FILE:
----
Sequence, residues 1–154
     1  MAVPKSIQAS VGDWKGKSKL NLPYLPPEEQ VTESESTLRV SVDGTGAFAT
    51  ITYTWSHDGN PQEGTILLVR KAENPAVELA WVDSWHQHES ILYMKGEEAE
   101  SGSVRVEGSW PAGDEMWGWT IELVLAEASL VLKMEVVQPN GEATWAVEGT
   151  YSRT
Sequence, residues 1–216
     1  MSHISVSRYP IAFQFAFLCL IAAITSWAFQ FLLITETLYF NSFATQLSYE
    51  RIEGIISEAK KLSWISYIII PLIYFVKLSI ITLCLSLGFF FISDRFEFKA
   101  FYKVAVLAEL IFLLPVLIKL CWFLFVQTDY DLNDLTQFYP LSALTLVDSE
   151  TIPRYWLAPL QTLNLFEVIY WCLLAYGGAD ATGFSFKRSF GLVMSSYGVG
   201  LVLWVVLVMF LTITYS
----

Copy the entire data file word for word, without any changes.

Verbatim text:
Sequence, residues 1–154
     1  MAVPKSIQAS VGDWKGKSKL NLPYLPPEEQ VTESESTLRV SVDGTGAFAT
    51  ITYTWSHDGN PQEGTILLVR KAENPAVELA WVDSWHQHES ILYMKGEEAE
   101  SGSVRVEGSW PAGDEMWGWT IELVLAEASL VLKMEVVQPN GEATWAVEGT
   151  YSRT
Sequence, residues 1–216
     1  MSHISVSRYP IAFQFAFLCL IAAITSWAFQ FLLITETLYF NSFATQLSYE
    51  RIEGIISEAK KLSWISYIII PLIYFVKLSI ITLCLSLGFF FISDRFEFKA
   101  FYKVAVLAEL IFLLPVLIKL CWFLFVQTDY DLNDLTQFYP LSALTLVDSE
   151  TIPRYWLAPL QTLNLFEVIY WCLLAYGGAD ATGFSFKRSF GLVMSSYGVG
   201  LVLWVVLVMF LTITYS